This guest blog post was written by Articulate VP, Community Tom Kuhlmann. Tom has over 15 years of real-world experience in the training industry. When Tom was our customer, he won the 2007 Articulate Guru Silver Awards, and recently wrote the articles, 5 Myths About Rapid E-Learning and Yes, Rapid E-Learning Can Do Branching.
In the previous post, we looked at the difference between passive and active navigation. They both have value based on the needs of the client. In this post, we’ll explore ways to step beyond the linear click and read process and involve the learner’s decision-making.
While there is a place for linear “click and read” courses, the good news is that with Articulate Studio Pro you are not limited to them. You have options to expand the course’s interactivity and make it more than click and read.
Let’s take a quick look at the progression from a standard linear course to one with more active, learner-enabled navigation.
Linear’s not bad, it’s just limited. The link below is an example of a standard linear course. Typically, they are simple click and read. The information is presented and the learner advances.
The benefits to this type of approach are obvious. From an instructional design perspective, it is easy to template the material and produce training courses quickly and at low cost. Customers like this and many times those who take the course prefer the basic navigation to more sophisticated yet time-consuming courses.
While a linear approach is not the most dynamic learning environment, in many cases it is an appropriate means to build your training. This is especially true if you cannot find a good link to performance. There’s no need to waste the learner’s time or your organization’s resources on a fancier training course that most likely will not add any value. Personally, I advocate getting away from bullet point slides, however sometimes time and resource availability dictate this approach. Gabe’s recent post, 7 Quick Tips for Spicing Up Your PowerPoint Design, might give you some good ideas.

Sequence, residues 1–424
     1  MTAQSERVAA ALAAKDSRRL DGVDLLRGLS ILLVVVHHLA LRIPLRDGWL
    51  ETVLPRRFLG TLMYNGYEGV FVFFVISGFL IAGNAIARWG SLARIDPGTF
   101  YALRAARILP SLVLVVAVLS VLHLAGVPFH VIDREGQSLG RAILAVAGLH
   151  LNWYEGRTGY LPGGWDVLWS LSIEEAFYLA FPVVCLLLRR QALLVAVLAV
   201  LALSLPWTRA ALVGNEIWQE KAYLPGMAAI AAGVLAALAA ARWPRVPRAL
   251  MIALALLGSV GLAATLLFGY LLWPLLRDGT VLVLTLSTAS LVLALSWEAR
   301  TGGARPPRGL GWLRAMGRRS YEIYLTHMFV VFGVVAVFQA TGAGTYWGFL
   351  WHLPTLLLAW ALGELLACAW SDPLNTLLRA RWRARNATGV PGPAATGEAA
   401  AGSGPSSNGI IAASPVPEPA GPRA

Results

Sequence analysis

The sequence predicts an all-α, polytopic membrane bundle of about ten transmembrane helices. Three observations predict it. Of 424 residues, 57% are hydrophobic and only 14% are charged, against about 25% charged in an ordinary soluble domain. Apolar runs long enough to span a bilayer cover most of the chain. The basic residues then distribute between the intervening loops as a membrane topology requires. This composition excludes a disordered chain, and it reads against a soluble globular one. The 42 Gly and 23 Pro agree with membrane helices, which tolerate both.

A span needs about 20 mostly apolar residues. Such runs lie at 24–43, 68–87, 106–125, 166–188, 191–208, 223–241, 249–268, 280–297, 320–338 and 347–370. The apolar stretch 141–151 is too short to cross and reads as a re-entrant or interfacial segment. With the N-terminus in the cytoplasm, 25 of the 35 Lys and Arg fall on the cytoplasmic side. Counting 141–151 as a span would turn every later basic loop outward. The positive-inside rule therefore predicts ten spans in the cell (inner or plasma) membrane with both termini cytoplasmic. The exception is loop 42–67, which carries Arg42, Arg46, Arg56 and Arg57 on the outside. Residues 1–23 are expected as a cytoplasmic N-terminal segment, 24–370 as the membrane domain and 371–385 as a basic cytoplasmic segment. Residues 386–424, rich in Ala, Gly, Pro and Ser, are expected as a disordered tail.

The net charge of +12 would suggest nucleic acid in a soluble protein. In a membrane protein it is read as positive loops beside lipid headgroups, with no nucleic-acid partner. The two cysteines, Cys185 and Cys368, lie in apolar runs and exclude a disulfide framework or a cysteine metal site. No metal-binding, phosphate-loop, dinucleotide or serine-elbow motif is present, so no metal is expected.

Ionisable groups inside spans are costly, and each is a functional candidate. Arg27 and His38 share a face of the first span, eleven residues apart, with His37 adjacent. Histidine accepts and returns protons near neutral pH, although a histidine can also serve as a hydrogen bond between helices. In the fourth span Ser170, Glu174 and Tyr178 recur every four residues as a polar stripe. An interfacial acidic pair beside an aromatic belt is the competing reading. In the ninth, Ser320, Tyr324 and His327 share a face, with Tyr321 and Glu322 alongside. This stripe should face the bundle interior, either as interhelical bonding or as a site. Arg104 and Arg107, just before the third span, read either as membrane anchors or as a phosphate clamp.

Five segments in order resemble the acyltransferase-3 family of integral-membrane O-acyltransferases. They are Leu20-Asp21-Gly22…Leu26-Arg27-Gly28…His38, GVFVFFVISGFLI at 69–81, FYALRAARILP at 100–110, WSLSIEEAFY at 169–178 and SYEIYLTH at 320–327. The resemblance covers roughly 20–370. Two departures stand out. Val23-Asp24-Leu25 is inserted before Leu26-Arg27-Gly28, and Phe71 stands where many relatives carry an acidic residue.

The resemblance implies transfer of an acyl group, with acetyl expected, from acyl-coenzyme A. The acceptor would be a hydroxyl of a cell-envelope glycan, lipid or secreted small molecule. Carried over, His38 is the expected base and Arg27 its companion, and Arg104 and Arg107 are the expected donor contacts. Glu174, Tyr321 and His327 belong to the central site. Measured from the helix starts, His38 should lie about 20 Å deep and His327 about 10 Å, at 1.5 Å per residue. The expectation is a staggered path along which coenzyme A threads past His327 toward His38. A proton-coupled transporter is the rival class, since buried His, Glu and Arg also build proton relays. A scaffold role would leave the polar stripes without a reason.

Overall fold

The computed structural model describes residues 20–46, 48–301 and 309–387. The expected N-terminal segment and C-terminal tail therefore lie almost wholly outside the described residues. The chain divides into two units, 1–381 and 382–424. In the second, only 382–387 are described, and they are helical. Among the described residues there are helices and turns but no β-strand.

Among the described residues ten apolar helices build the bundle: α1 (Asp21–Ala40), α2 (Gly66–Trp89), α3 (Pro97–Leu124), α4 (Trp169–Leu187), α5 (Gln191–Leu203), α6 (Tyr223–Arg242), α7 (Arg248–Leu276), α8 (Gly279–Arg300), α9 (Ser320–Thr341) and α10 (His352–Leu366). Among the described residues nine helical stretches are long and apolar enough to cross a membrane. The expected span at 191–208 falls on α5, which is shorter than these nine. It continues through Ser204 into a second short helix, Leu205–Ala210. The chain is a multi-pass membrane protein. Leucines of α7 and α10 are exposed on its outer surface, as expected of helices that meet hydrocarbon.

Linear doesn’t have to mean boring. An important thing to remember is that linear navigation doesn’t have be bullet point lines of text. In fact, you can build a linear course that has no text at all. There’s no reason why you cannot insert audio, video, or Flash animations to make the material more visually engaging and probably more effective in transferring some of the information.
Here is a good example of a linear course that doesn’t look like it was created in PowerPoint:
Use multimedia. Look at some of the compelling video clips from the TED conferences. They are equivalent to click and read information in the sense that it is just information presented to the learner with no expectation to make decisions. The difference is that the video clips engage other senses.
I love Sir Ken Robinson’s presentation on learning and creativity. It’s one worth watching. It’s interesting and funny, yet not much more than a talking head for about 20 minutes.
Keep this in mind: If the course is designed well, you can still make an engaging e-learning course … even if you only use linear navigation.
Content that is engaging and relevant to the user is the key to success. If my wife put together a presentation on place setting designs, I can tell you right now that I’d think it was boring. However, if somehow she finally saw the light and put together a course on this century’s best boxers, she’d have my full attention. Unless, of course, the boxers were at Nordstrom’s picking out new place settings.
If you have to create a linear course, then leverage the multimedia technology available to you. For example, instead of having a slide with text, make a simple 1-minute video that explains or shows the same information. Another example is to present the information as a graphic rather than text.
What’s nice about Articulate’s software is that you can integrate all sorts of media … not only that, you can do so rapidly. As a demo, I created a quick Engage interaction to show you how easy it is to use multimedia with our tools to create simple, yet engaging courses. By the way, I built this in about 10 minutes.
One last tip. If you are stuck with linear navigation, then a good resource is Beyond Bullet Points. It will help you think about how you present your information in a new way that is engaging and more memorable for your learner. The author’s blog is also a great resource.
Today we looked at passive navigation that only requires back and forth clicking for the user. For many of you, the reality is that many of your courses are going to be “click and reads.” While it’s not the most dynamic way to deliver e-learning courses, there are still things you can do to make them more engaging than just bullet point text.
In my next post, we’ll explore ways to create screens that allow the user to explore and collect information. I am always excited by the creativity and resourcefulness of our users. Feel free to send links or examples of work that you’ve done with our tools.